Posts Tagged ‘Mae West’
Luis Gispert was photographing car interiors when he stumbled upon a kitschy white Cadillac Escalade, its seats upholstered in fake material from Takashi Murakami’s 2009 collaboration with Louis Vuitton. While the owner showed off his pimped-out ride, the wheels turned in Gispert’s head. “I figured there had to be so many cars with counterfeit interiors”…
This inspired a two-year “obsessive quest” to document a subculture of people crafting custom designs from counterfeit materials. Gispert attended car shows across the country and captured interiors bedazzled with logos, from a Burberry-upholstered BMW to a Gucci-themed Mercedes. Honing in on the culture itself brought Gispert to more-intimate spaces, like the home of a Florida-based drug dealer, whose bedroom was decorated with Versace’s signature Greek Key motif. Gispert’s photographic journey is the subject of an upcoming solo exhibition, Decepcion, at the Mary Boone Gallery in New York [open now]…
He spent a year capturing cars before turning his lens on the owners themselves—many of whom had closets filled with backpacks, sneakers, and jackets custom-made from fake designer materials. Gispert’s project evolved to incorporate portraits of men and women modeling counterfeit fashion, such as a DJ clad in a pleather MCM jumpsuit…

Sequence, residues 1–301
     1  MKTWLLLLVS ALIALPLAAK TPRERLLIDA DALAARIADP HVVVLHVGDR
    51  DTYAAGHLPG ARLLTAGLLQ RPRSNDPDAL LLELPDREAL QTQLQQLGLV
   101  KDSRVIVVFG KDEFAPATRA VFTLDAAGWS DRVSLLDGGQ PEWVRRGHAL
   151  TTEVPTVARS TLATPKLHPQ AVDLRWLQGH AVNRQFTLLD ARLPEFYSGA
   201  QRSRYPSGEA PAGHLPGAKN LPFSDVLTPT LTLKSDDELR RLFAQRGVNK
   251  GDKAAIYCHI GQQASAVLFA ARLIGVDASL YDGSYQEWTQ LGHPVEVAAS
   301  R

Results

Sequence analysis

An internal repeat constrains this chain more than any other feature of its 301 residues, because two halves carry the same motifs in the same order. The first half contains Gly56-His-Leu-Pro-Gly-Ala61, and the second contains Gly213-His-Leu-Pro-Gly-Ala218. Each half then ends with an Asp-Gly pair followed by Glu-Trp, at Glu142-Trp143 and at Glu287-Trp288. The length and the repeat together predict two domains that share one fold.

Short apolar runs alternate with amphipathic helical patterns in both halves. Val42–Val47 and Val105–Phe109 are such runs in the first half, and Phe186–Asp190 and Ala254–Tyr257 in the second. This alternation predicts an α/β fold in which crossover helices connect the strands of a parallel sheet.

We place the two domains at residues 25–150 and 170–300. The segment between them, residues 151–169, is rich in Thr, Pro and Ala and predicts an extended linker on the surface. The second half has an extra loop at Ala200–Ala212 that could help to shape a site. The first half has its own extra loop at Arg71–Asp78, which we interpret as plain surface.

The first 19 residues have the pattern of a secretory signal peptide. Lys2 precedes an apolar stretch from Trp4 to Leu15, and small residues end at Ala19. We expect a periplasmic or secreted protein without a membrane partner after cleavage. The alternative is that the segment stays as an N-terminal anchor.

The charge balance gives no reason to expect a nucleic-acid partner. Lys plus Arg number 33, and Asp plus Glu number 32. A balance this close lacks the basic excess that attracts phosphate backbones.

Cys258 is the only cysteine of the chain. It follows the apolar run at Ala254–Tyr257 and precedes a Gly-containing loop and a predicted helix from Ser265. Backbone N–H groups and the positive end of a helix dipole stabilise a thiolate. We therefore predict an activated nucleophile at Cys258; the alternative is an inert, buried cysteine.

Designer customization was born in the early 1980s, when a haberdasher named Dapper Dan began selling one-of-a-kind Louis Vuitton boots and $8,000 custom Gucci jackets out of his boutique in Harlem. “He was likely cutting up actual Gucci bags and using the materials to make jackets and luxury car interiors,” said Gispert. Dapper Dan’s clientele consisted of drug dealers—until LL Cool J and Mike Tyson took the street trend mainstream…
Unlike Canal Street vendors, Gispert’s subjects aren’t trying to pass off their creations as authentic. “These people are appropriating the material, the actual logos and fabrics, but they’re not trying to mimic high fashion,” he explained. One photograph from the series features a woman wearing a Louis Vuitton dress that Gispert described as “some kind of nightgown, flamenco hybrid.” It looks nothing like Louis Vuitton couture, yet it’s splattered with the designer’s cult logo. “In a way these people are hijacking signs of wealth, bastardizing logos and turning them into something completely unique.”
As we reckon with the collision of High and Low, we might wish a fashionable Happy Birthday to Coco Chanel’s greatest rival, Elsa Schiaparelli; she was born in Rome on this date in 1890. Schiaparelli, who collaborated with artists including Salvador Dali, Jean Cocteau, and Alberto Giacometti to dress socialites (like Daisy Fellowes) and celebrities (like Mae West) was frequently dismissed by Chanel as “that Italian artist who makes clothes.” While Schiaparelli is not as well remembered as Chanel, Schiaparelli made lasting contributions to fashion: she created wraparound dresses decades before Diane von Furstenberg and crumpled up rayon 50 years before Issey Miyake’s pleats and crinkles; she created the first evening-dress with a jacket and the first clothes with visible zippers. But her most fundamental contribution to couture was surely the sense of fun– of playfulness and “anything goes”– that she shared with her Dadaist and Surrealist friends.